Click to Print

Is a repayment to an S corp taxable income for the owner?

The sole owner of an Illinois S corp contributed capital and equipment to get the business going. If he later takes back some of the capital infusions he had made to start that business, are those funds considered to be income to him and does he owe federal taxes on those funds?
Ryan Himmel answered April 19, 2010
Based on the information you have provided, you would not owe income taxes on the repayment of capital as long as the distribution doesn't exceed your stock basis.

The Internal Revenue Code states that a non-dividend distribution from an S corporation to a shareholder is tax-free to the extent that it does not exceed the stockholder's stock basis. If the S corporation had income or experienced another taxable event (i.e. sale) during the year then you would likely be subject to income taxes.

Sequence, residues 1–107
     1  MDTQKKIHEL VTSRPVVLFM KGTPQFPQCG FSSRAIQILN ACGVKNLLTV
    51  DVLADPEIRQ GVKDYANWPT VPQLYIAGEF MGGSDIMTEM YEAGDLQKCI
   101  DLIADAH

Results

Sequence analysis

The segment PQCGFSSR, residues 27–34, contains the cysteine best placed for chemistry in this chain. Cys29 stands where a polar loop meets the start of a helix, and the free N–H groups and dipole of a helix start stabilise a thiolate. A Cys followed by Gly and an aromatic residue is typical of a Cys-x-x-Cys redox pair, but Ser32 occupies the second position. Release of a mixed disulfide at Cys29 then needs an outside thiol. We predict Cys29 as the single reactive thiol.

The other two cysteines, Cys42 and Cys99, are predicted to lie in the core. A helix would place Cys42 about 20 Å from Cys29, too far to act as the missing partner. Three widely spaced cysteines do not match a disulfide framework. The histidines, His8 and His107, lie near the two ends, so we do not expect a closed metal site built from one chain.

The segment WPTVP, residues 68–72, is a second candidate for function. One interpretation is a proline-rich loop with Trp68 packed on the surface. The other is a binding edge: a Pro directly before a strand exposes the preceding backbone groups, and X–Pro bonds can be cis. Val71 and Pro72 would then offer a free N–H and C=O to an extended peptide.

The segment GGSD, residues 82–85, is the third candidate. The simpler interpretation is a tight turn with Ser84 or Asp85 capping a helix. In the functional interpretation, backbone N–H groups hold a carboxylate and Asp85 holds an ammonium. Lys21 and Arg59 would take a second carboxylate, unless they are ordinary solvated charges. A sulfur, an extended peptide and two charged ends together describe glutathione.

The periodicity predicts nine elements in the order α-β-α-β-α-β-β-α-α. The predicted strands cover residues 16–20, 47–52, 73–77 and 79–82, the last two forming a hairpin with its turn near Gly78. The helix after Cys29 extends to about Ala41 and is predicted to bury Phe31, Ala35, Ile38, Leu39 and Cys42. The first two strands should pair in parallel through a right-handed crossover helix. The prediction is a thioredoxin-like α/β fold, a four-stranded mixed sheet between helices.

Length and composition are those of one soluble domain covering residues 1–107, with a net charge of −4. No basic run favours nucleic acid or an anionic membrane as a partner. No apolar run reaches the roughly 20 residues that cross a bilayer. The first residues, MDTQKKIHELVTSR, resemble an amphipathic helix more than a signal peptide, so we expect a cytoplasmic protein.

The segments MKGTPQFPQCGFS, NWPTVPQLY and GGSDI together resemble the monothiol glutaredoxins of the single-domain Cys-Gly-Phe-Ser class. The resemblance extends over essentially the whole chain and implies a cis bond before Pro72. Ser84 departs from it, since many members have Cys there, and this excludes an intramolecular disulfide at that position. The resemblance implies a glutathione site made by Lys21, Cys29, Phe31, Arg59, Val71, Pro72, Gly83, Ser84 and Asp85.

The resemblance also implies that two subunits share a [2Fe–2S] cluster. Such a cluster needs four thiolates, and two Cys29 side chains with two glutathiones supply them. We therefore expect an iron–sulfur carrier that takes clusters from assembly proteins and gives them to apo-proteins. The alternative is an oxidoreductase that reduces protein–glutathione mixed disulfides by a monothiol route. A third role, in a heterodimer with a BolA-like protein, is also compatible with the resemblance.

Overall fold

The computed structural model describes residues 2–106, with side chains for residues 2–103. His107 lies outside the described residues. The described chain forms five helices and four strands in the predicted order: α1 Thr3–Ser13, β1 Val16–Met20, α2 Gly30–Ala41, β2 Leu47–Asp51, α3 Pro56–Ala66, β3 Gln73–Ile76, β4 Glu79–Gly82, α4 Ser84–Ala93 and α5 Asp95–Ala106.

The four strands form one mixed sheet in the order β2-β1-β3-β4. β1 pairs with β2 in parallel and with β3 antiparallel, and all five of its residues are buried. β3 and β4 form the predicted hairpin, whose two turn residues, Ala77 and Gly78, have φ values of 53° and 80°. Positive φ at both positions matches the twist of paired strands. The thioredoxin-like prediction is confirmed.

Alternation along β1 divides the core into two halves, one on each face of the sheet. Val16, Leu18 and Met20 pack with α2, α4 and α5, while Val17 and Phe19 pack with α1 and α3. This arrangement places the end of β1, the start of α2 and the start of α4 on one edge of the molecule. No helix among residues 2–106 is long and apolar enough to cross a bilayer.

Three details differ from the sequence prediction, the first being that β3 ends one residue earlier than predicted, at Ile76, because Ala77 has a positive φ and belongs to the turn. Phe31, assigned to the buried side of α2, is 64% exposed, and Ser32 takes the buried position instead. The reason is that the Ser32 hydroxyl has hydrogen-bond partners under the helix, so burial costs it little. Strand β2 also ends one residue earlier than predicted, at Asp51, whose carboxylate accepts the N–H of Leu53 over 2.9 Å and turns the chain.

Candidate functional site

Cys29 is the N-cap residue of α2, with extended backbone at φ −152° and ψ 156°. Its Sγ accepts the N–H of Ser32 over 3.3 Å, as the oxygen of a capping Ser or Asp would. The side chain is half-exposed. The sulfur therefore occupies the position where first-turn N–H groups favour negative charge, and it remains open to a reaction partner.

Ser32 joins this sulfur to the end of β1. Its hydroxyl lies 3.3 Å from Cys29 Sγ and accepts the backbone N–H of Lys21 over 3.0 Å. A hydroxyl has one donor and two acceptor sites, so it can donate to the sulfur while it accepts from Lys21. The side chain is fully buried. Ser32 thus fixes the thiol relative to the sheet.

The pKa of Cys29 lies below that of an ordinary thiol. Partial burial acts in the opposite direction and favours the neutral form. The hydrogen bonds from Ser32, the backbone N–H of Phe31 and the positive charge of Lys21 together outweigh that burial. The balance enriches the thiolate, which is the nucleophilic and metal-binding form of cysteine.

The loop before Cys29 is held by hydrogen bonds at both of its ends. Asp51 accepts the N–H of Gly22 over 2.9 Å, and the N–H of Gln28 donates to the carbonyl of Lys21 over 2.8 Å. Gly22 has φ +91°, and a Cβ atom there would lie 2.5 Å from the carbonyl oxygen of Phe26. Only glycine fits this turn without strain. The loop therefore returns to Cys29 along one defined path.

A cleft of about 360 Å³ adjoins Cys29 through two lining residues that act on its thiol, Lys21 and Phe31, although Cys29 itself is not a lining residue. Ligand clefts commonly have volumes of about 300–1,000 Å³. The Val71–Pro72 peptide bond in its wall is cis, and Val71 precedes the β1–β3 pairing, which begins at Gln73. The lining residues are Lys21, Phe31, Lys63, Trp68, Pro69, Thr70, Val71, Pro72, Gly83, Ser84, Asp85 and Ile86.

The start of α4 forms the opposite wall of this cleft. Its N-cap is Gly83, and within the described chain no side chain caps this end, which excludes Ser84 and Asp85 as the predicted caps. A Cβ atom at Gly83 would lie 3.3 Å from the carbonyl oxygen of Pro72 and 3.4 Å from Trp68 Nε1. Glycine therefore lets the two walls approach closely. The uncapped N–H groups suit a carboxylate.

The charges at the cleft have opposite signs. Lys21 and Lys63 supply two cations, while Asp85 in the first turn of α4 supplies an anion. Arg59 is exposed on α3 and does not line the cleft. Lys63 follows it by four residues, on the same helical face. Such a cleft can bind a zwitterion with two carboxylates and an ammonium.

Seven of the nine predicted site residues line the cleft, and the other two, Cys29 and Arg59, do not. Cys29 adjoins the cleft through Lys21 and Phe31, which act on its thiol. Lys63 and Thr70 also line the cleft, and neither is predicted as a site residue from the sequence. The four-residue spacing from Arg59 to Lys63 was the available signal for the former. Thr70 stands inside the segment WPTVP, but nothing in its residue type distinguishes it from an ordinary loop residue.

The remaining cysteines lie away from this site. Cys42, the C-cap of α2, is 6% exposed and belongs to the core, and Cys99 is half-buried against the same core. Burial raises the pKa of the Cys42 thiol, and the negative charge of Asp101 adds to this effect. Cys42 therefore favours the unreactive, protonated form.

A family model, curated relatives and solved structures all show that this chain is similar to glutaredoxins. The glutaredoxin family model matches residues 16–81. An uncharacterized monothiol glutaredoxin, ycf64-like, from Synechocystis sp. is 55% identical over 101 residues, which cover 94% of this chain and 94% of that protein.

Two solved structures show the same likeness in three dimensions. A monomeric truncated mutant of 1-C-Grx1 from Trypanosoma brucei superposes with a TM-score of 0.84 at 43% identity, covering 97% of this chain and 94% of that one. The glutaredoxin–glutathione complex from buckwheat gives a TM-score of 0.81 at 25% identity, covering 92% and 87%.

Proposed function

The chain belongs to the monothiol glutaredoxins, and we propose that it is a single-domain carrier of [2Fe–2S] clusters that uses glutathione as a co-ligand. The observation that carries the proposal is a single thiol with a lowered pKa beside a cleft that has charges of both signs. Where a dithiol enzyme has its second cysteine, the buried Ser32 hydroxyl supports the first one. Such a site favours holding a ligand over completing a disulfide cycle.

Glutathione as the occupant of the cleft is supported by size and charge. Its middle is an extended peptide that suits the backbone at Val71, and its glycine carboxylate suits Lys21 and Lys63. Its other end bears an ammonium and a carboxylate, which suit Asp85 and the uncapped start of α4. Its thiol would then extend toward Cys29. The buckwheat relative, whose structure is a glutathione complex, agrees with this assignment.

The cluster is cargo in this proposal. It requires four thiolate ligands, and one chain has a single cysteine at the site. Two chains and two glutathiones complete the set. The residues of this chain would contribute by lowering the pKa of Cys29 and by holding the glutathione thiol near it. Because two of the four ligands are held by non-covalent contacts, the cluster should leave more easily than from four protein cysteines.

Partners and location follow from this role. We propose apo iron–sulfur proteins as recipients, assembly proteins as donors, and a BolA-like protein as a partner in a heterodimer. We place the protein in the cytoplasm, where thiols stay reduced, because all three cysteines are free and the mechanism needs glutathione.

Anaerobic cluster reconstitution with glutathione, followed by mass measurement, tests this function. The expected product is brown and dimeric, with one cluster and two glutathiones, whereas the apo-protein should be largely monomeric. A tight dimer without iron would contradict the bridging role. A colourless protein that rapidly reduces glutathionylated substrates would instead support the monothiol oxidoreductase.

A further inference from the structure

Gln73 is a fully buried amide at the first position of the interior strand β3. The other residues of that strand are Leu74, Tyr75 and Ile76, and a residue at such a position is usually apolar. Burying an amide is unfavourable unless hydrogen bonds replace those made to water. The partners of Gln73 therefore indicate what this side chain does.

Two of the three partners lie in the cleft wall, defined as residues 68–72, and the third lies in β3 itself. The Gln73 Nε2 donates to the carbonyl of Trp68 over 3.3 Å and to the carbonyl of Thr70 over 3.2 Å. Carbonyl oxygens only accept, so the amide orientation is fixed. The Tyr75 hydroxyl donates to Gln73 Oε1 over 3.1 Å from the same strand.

As a S corporation shareholder it is very important to understand how to compute your stock basis. Your stock basis starts with your initial capital contribution and then is increased and/or decreased based on the flow-through amounts from the S corporation.

An income item will increase stock basis while a loss, deduction or distribution will decrease stock basis. Also keep in mind that each year you should be issued a K-1 to reflect the S corporation's income, loss and deductions which are allocated to you.

S corporation tax laws can get complicated so let us know if you have any additional questions.

Ryan Himmel, CPA and registered securities analyst, is the founder and CEO of, a professional network for small businesses and entrepreneurs to obtain trusted advice and services from a team of CPAs, Enrolled Agents, Financial Planners & Tax Attorneys.  His team provides answers to the many finance and tax questions that small businesses encounter every day. Ryan has been quoted in The Wall Street Journal, Forbes, Fox Business and Crain's New York, among other publications. Ryan also regularly contributes to the community with his finance and tax blog.